Saturday, August 17, 2013

The near future of New York will be a trip to the past

Is New York the Next Detroit?

New York City Mayor Bloomberg is on his way out, and as sometimes happens when a politician heads for the exit, he let leak some molecules of truth...

“Avoiding the hard choices is how Detroit went bankrupt,” he said in a speech Tuesday, according to the New York Post. Bloomberg, the founder and majority owner of Bloomberg LP, the parent of Bloomberg News, thinks that his successor as mayor will have a unique window to act, because all the major public sector unions are currently operating without a contract.

Mr. Bloomberg is talking about his successor in hypothetical terms. If a successor were to come in and act like a grown up for a day or two, New York City's fortunes might be marginally improved. Of course this isn't going to happen.

You probably aren't following the New York City mayoral race (or the comptroller race where the maniacal Eliot Spitzer has a real shot at being able to torture us again), and there is no reason why you should be. Every candidate is running to see who can best combine the worst aspects of David Dinkins ('90s disaster) and John Lindsay ('70s disaster). The only difference between the current candidates is weight and gender.

New York has been red hot for many years. Its economy didn't shatter as much in the crisis and has recovered better than much of the world. And New York City is now a hot place to work and live. No longer is it a commuter city full of Long Island and Connecticut residents. Brooklyn, once known for its pedigree and streetwise rap stars and street-hardened boxers, has become a white hot place full of families and couples intending to start families. You heard me right. People are setting down roots in Brooklyn with the intention of raising families there. In the old days young couples frolicked in New York for a few years, then moved to the suburbs when it was time for kids. Things have changed.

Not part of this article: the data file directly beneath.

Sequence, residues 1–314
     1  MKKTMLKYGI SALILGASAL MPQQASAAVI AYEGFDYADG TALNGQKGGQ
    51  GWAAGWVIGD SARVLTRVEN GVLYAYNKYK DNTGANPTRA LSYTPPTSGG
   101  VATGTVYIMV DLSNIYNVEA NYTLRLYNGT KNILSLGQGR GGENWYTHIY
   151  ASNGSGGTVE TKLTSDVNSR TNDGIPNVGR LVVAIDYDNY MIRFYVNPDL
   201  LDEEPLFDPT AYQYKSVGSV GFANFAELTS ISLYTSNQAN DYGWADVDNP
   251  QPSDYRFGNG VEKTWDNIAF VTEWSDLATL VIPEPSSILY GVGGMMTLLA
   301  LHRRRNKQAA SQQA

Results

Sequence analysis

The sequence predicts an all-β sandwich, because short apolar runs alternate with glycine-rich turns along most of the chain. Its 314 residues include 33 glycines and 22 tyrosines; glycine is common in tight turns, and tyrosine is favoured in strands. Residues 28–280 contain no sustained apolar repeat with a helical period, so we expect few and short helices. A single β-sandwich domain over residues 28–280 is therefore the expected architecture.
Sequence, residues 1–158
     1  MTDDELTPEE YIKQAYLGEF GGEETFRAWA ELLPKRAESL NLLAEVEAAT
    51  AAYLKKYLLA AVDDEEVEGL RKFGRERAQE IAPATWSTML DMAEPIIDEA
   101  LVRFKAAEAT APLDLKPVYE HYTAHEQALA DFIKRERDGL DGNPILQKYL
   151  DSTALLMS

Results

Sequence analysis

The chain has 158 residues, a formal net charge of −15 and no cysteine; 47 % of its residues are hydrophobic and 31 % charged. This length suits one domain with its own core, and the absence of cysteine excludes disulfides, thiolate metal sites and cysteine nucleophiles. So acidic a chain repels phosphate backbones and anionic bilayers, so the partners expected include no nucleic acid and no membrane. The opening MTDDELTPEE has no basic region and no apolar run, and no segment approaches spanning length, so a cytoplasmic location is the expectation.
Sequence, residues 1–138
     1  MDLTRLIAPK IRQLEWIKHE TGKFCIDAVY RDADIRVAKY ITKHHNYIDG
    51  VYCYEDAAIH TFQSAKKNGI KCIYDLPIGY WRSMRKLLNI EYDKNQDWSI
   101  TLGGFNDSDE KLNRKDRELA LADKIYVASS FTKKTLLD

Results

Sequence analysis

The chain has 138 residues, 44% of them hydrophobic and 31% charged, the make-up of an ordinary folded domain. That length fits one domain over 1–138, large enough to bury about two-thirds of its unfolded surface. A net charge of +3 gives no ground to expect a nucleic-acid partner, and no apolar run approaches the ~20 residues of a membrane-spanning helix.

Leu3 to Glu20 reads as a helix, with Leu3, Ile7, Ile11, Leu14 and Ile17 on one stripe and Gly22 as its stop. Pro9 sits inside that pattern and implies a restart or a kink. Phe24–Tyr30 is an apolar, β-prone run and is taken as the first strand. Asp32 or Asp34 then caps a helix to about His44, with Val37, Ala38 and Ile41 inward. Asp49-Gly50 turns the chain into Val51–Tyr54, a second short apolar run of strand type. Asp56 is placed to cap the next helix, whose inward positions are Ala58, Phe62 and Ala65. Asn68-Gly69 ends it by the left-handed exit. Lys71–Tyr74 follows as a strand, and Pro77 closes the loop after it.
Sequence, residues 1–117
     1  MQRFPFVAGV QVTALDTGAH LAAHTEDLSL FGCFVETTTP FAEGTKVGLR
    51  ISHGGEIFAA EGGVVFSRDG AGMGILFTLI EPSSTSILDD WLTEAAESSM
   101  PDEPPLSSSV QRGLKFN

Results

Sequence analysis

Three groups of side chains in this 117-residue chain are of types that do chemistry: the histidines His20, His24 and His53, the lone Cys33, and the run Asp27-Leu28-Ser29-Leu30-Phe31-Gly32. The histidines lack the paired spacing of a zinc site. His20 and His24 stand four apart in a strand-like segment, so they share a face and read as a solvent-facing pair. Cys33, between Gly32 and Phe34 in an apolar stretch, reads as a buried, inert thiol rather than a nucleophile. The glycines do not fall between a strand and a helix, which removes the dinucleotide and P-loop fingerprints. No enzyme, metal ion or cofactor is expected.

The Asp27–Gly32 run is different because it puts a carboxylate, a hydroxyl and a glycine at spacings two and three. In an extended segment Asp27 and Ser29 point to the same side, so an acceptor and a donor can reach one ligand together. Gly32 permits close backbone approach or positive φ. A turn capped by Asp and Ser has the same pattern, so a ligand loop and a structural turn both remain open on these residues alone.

New York's crime rate has had a 20-year decline. When you cruise the sidewalks, your path is not constantly blocked by homeless people and scam artists. No one is carrying designated pick-pocket money to appease potential muggers.

I'm thinking that's going to change. Although Guiliani (especially) and Bloomberg are both horrible human beings, at least their initiatives occasionally overlapped with reality. New Yorkers are about to discover that 10% reality, 90% fantasy is far better than 100% fantasy.

What I think is coming is the most cynical breed of populist policing mixed with the most cynical breed of populist economics. In other words, higher taxes, higher crime rates, more public debt, and much worse public services. And don't think that the higher crimes rates will be because of fewer laws. There will be more asinine laws passed to generate revenue raising fines. And when it comes to crime, you can bet tax paying residents caught in wispy misdemeanors will be shamelessly inconvenienced and milked, while those benefiting from their taxes will be told they're the ones being ripped off. Yeah...that's going to cause some friction. Should crime rates spike, expect the next mayoral administration to issue lots of calls for "understanding." Muggings will probably be renamed "cultural exchanges."

We are going to see a wonky, liberal arts curriculum approach to governance, which will push much of New York's celebrated "creative class" (and its tax base) to flee. It will be an early '90s flashback. The younger people who have only lived here during the prosperity have no idea what the old New York was like, and given the mushy world they grew up in, they are the least prepared to handle it. Well-practiced criminals are not intimidated by anti-bullying slogans. They do not drop their weapons upon hearing ironic comments. And your Superman tattoos? Not scary to a dude with his strangled cell-mate's name carved into his neck. It brings to mind the younger Wall Street traders who had never seen a bear market before and had no idea what to do when 2008 struck.

Instead of the "hard choices" Bloomberg referenced, there will simply be a greater distribution of hardship to the net taxpayers of New York. This is how it always goes down. But having said all that, I still don't plan to leave. It is better to die in a place you enjoy than live long and prosper in Squaresville.

No comments: